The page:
Thursday, December 6, 2012
The new ordinance was approved after a resident disputed a citation and won in district court.
Follow Richfield Patch on Twitter | Like us on Facebook | Sign up for our daily newsletter After the Richfield City Council redefined its garbage ordinance in September, city staff is making double sure residents understand the dos and don'ts of storing their receptacles. In addition to an arguably detailed diagram, the city has created a quasi how-to video. (Both are attached above to this article.) The new ordinance states that storage must be behind or alongside the principal structure on the property. The two-minute video shows two sample properties and outlines the requirements of the ordinance. The council first discussed garbage storage in August 2011, however, declined to pass an ordinance that would require screening cans. …
Thursday, September 13, 2012
After a resident disputed a citation, the city moved forward with amending its requirements for garbage, yard waste, refuse and recyclables containers Tuesday night.
Residents now have some arguably clearer direction on how to store their trash containers after the Richfield City Council passed an ordinance redefining procedures Tuesday night. The council first discussed garbage storage in August 2011, however, declined to pass an ordinance that would require screening cans. However, after a resident recently disputed a citation for not having containers placed "behind or alongside the house"—and won the argument in district court—the city was forced to define ordinance language. The new ordinance states that storage must be behind or alongside the principal structure on the property. A diagram of the acceptable areas was presented along with the ordinance language, and is attached to this article in …
Friday, April 6, 2012
Patch sits down with Richfield City Manager Steve Devich.
For months analysts have speculated that Best Buy was headed for bankruptcy. And after the company announced it would close 50 stores, lay-off employees and reduce the square footage of many remaining stores—those predictions have caused even more speculation. However, Richfield City Manager Steve Devich told Patch he has confidence in the company and didn’t foresee its financial struggles impacting the city’s continued collection of property taxes or upsetting the tax increment financing [TIF] revenue stream. “The city is well protected,” Devich said. “Best Buy has always paid its property taxes on time, and if the building were to change hands, … someone would still own it, [even if it went back to the bank]. When banks own things, the …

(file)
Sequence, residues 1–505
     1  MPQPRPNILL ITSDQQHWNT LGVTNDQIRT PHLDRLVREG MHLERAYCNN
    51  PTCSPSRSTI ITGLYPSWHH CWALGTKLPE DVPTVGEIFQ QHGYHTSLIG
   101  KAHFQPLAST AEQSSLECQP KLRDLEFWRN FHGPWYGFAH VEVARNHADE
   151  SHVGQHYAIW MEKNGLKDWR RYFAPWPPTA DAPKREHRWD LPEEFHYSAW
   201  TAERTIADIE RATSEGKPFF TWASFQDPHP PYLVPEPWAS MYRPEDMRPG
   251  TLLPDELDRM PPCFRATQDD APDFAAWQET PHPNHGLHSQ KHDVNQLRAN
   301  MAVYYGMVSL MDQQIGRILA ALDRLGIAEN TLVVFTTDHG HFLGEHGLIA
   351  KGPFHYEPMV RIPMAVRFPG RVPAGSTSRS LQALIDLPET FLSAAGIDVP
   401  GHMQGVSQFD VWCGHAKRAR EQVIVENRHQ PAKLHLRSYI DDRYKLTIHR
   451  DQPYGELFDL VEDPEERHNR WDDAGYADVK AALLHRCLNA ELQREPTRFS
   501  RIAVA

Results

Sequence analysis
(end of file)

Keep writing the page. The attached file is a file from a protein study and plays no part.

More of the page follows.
Tuesday, December 13, 2011
Richfield Patch explores the impacts of the liquor stores owned and operated by the City of Richfield.
The City of Richfield has been in the liquor business since early 1943, when voters approved the measure in a special January election. As the city has grown, business at the city's municipal liquor stores has, as well, providing a steady source of revenue. In 2011, the city's four stores combined are estimated to gross $11.5 million in sales. (To see a map of the strategically placed locations, click here.) “The municipal liquor stores have paid for most, if not all, of our recreation amenities,” said Richfield City Manager Steve Devich, rattling off the water slide and pool complex, the addition on the ice arena, park maintenance and a piece of the new city hall. At the same time, the city holds a legal monopoly on all off-sale liquor …
Richfield Municipal Liquor Store locations.
Richfield's lucrative municipal liquor business can definitely be attributed to good city planning. You know what they say in the real estate business, it's all about "location, location, location!" All four stores are located on a main city corridor, near freeway access, shopping and the city's borders—allowing the stores some exposure to thousands of people everyday. The Cedar Avenue store imparticular is very profitable with roughly 60 percent of customers being non-Richfield residents, according to Richfield City Manager Steve Devich.
Tuesday, November 29, 2011
Richfield Patch wants to know what readers think about the city's municipal liquor model.